At Henry Kaiser's Portland shipyard, a champagne bottle was getting cracked over a brand-new bow every three days throughout the war.
One of the two surviving Liberty Ships, the S.S. Jeremiah O'Brien, under way.




Oregon Electric railroad line: State's past -- and future?

The plush rail service left artifacts along its lines after being made obsolete by the popularity of automobiles. But with the rising costs of fuel, it could be an idea whose time has come back.
The abandoned Pirtle Transfer Station on the Oregon Electric line, just south of Albany.




Love Crater Lake? Thank an Albany newspaperman

Founder of the Albany Herald fought for nearly 20 years to get iconic lake set aside as a public park; along the way, he introduced trout into it, and the state has been struggling to get them out ever since.
Crater Lake as seen on a vintage hand-tinted postcard from sometime before World War II.




Coming soon to a beach near you: 350-year-old beeswax

Chunks of beeswax that still occasionally wash up on Oregon beaches have been carbon-dated to the early 1600s, and are believed to be from a wrecked Spanish galleon.
A hefty chunk of the mysterious 17th-century beeswax, found washed up on the beach in 1952.




Valsetz: Company town was soggy, but home

The tiny town was owned by the sawmill, which bulldozed and burned it in 1984 when the mill closed.
Valsetz as viewed from an open railroad car on the Valley & Siletz excursion train from Independence in 1958.




The Oregon town that fell into the sea

Bayocean residents paid to build a jetty that changed the ocean's currents and caused it to wash the town away.
A Google Earth image of the sandy spit on which the town of Bayocean was built.




A pioneer scientist's graffiti in a cave

Prof. Thomas Condon and his students signed a stalagmite in Oregon Caves in 1883; their autographs are now protected by a thin layer of translucent calcite and will remain legible for millennia.
The signatures, in pencil, of Prof. Thomas Condon and his students, scrawled on this rock formation in 1883 and now preserved for all time under a thin, transparent layer of calcite.




Oregon's Centennial: The $19 million party

The Centennial bash in 1959 was a huge event; the state had been gearing up for three years and allocated millions to the festivities.
A 1959 Centennial "so-called dollar" issued by the city of Creswell, worth 50 cents in trade.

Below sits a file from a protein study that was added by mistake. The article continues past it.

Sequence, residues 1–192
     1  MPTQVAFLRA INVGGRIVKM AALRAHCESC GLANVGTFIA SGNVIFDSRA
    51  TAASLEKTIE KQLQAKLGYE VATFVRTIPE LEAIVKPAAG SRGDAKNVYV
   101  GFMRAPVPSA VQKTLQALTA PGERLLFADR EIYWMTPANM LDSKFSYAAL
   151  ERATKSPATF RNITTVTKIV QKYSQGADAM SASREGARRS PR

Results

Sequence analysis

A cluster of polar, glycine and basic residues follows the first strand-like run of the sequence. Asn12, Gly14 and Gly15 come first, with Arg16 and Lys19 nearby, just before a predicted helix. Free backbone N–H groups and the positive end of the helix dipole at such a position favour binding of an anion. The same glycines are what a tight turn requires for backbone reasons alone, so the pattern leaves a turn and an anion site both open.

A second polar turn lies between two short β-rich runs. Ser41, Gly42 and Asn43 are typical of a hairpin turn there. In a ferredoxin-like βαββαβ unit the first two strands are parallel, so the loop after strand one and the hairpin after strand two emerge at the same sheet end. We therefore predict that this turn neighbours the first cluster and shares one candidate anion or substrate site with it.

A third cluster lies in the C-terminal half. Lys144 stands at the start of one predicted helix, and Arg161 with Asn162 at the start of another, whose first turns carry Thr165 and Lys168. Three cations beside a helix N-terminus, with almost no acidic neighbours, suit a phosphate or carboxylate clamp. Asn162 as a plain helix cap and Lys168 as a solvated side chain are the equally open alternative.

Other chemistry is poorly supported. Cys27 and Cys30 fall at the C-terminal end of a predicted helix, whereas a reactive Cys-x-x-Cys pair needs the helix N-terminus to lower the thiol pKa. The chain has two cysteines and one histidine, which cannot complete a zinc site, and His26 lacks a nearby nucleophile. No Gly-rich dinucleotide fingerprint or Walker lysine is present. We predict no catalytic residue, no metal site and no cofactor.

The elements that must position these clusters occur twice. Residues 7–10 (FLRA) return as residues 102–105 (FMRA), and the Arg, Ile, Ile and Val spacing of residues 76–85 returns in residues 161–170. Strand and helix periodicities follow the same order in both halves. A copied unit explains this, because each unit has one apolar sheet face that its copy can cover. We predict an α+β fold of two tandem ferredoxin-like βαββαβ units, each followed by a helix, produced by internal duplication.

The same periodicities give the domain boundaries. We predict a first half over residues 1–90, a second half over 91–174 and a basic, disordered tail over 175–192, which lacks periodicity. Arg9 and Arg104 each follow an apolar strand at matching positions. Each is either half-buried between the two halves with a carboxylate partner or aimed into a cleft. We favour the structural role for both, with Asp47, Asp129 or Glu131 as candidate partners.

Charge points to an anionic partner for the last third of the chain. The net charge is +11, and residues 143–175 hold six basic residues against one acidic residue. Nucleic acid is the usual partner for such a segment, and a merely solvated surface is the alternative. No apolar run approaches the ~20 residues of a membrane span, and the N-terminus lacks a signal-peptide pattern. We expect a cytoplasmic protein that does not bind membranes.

Oregon art students got "punk'd" by Andy Warhol & Co.

One of Warhol's cronies powdered his hair, donned Ray-Bans and impersonated his pal on the lecture circuit at universities in Oregon, Utah and Montana; hilarity ensued — for some, at least.
Allen Midgette, the fake Andy Warhol, in costume several years later at New York's Audart Gallery.




John Day's pioneer Chinese herbalist

Settlers in the late 1800s learned the healer of Kam Wah Chung could cure diseases others couldn't; all his patients survived the fatal Spanish Flu epidemic in 1919
Ing "Doc" Hay, the "China Doctor of John Day," as he looked when a young man.




2008 articles:





Jacksonville: Where gold was as cheap as salt

Hundreds of miles from nearest farm, but just a few yards from nearest mine, Southern Oregon town had so much gold the local bank charged a storage fee instead of paying interest.




The scandalous secret of One-Eyed Charley

There was something nobody kenw about the most skillful, admired stagecoach driver in 1880s Oregon -- but the horses knew the truth.




14,000-year-old fossilized people poop

The discovery pushed back the date of the earliest known humans in what's now Oregon until before the end of the last ice age; scientists actually recovered DNA from the samples.




Fish wheels back in service -- to save fish?

Once blamed for wiping out the enormous Columbia River salmon run, the mechanical salmon harvesters bring fish unhurt into waiting hands of conservationists who count, tag and release them




Did Bonneville Dam win World War II?

Power from Bonneville Dam in 1930s was turned into warplanes and other aluminum war materiel in the 1940s; it also made the development of nuclear weapons and energy possible.
Bonneville Dam postcard image from 1940s




Did Japan's wartime balloon bombs start the 1945 Tillamook Burn?

Forest fire broke out in a remote spot at odd time of year, in a virtually inaccessible spot, during World War II; no cause has yet been found.




Florence's famous exploding whale

An inexperienced highway engineer guessed wrong about how much dynamite would be needed to rid the beach of 8 tons of rotting whale carcass, with expensive and stinky results.